In this month’s blog, Annie is discussing new organisations taking on employees for the first time and some of the key legal responsibilities you have as an employer.
When starting up and developing a third sector organisation, employing staff is likely something that you will be considering. Taking on staff can help your business to grow by increasing productivity or increasing the scope of services that can provided, but is accompanied with a new set of legal duties that you must prepare yourself for. If you are at the stage in your journey where you are considering employing staff, these are some of the key legal responsibilities you have as an employer:
It is essential to the success of your organisation that you bring on board people with the correct skills. You should ensure your recruitment process is free from discrimination, giving every candidate a fair chance. It is unlawful to discriminate on the basis of a number of “protected characteristics”, which include age, gender, race, religious belief or sexual orientation.
You should carry out employment checks to ensure employees have the legal right to work in the UK. Guidance on acceptable right to work documents can be found here.
Contracts and Policies
Once candidates have been selected, you should then provide them with a written job offer. Employees are entitled to receive a statement of their employment particulars within two months of commencing employment, which details the main terms and conditions of their employment.
You should also provide a written employment contract. You must consider what type of contract you wish to engage the employee under, for example permanent or fixed term. The key pieces of information a contract will contain include:
- Start date and duration if fixed term;
- Job role (a job description may be outlined in a contract but is often provided as a separate document);
- Normal place where they will work;
- Hours of work;
- Salary and when it will be paid;
- Holiday entitlement; and
- Any probationary and notice periods.
Contracts should be revisited from time to time to ensure they are up to date with current legislation.
It is good practice to create a staff handbook detailing company policies and procedures so that you are able to deal
with any issues that arise. This is important even if you only have one employee. These can include policies such as sickness and absence, grievance and disciplinary, equality and diversity, maternity and paternity, flexible working, health and safety and data protection.
PAYE and Registering as an Employer
You must inform HMRC of your status as an employer. This can be done on the government web portal. To register an employee, you must complete a Full Payment Submission. This will require a P45 from the employee’s previous employer if this is possible.
A payroll system must be set up to operate PAYE. As an employer, you must deduct Income Tax, National Insurance and Student Loan Contributions from each employee’s final take home pay, which is paid to HMRC on their behalf. You may also be liable for employer National Insurance Contributions. Employees must be provided with wage slips with details of all deductions.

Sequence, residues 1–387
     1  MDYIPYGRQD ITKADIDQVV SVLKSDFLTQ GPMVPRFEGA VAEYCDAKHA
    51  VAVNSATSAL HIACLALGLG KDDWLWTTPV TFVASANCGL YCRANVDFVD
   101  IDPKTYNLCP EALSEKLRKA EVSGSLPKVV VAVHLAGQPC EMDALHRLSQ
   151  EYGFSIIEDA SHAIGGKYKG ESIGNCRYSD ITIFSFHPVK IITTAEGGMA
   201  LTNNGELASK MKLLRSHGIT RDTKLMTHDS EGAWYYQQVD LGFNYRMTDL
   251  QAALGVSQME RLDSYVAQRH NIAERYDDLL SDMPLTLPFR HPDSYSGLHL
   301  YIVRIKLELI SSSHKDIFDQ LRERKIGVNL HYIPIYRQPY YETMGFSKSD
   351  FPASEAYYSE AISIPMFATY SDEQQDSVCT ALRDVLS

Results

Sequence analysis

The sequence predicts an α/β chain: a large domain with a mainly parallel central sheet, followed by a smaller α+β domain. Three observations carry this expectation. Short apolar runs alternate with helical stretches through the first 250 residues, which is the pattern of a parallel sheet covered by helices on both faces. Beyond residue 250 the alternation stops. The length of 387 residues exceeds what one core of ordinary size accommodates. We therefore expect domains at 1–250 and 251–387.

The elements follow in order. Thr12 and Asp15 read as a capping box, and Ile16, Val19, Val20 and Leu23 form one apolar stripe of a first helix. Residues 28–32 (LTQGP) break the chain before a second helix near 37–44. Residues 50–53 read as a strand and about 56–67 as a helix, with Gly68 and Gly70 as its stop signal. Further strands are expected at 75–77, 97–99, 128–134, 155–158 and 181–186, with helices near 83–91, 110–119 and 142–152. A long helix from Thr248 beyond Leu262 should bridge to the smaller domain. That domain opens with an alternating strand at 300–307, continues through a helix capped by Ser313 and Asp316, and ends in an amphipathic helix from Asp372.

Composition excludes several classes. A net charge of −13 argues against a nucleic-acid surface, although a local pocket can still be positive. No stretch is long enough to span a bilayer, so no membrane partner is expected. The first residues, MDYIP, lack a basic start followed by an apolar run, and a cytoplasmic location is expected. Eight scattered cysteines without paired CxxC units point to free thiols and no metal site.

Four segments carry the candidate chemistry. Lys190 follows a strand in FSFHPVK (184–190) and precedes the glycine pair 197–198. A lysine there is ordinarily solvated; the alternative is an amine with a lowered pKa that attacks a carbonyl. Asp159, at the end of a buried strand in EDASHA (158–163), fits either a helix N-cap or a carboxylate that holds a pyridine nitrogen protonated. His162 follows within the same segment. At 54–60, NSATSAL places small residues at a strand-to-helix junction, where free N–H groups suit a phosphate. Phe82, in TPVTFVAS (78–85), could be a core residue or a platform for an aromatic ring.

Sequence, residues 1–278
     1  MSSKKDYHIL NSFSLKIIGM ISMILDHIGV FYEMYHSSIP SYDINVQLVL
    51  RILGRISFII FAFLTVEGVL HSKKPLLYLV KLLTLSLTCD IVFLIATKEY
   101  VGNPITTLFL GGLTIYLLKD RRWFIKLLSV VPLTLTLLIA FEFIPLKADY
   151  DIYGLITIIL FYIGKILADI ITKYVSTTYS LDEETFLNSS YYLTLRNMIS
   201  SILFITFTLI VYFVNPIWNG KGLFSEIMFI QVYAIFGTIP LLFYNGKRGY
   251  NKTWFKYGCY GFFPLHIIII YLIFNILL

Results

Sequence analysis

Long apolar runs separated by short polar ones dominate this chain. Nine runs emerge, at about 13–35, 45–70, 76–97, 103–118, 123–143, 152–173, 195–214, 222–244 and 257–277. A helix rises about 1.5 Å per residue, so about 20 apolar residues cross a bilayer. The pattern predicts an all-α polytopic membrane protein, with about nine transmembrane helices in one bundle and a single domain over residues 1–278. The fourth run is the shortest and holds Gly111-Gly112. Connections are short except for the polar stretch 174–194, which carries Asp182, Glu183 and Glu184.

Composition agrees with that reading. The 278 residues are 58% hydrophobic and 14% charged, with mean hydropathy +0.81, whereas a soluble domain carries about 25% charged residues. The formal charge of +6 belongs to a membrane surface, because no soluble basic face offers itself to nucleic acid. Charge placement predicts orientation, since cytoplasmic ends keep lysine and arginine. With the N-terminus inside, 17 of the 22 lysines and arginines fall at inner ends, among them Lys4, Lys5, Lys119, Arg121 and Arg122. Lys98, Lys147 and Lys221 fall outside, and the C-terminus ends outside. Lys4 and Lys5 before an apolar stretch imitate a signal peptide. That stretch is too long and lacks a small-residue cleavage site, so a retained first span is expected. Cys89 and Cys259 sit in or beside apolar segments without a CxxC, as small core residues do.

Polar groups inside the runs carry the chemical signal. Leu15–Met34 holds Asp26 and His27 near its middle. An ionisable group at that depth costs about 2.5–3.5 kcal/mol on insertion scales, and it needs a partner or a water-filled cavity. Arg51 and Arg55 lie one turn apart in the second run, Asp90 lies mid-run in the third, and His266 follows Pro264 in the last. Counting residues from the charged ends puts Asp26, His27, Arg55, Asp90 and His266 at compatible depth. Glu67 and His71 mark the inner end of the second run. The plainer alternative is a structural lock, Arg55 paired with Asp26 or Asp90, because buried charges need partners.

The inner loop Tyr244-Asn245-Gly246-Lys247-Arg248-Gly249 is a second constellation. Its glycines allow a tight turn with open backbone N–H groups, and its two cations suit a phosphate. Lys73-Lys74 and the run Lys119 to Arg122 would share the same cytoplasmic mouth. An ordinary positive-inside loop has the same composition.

You must be aware of pay and statutory leave entitlements, such as sick pay, holiday pay and maternity/paternity pay.
You are required to pay all employees at least the National Minimum Wage. This is the minimum pay per hour almost all workers are entitled to. If employees are over 25, they are entitled to The National Living Wage. The current rates can be found here. You are also required to automatically enrol employees in a workplace pension scheme. Employers’ minimum contributions rose to 3% in April 2019.
All employees are entitled to at least 28 days of paid holiday leave each year, which should be pro-rata for part-time employees.
You also need to consider the regulations around certain groups of workers, such as young or part-time workers.
Providing a safe working environment
Under Health & Safety law, organisations have a duty of care for their employees. You must assess the risks the organisation faces and execute good health and safety practices. A health and safety policy must also be in place, which needs to be in writing if you employ 5 or more people.
Be properly insured
You should have employer’s liability insurance in place under the Employers’ Liability (Compulsory Insurance) Act 1969, or you could face steep fines. This will protect you in case employees are injured or fall ill through the job and claim compensation. The Health and Safety Executive have produced a handy guide to the Act.
Employment law is a complex area full of potential pitfalls. It is therefore essential to keep up with developments in the law and have the correct policies and procedures in place in order to avoid disputes arising, which could be very costly to your organisation. We can prepare bespoke employment contracts and policies tailored to your organisation that comply with current employment legislation. Get in touch with us to arrange a free initial consultation.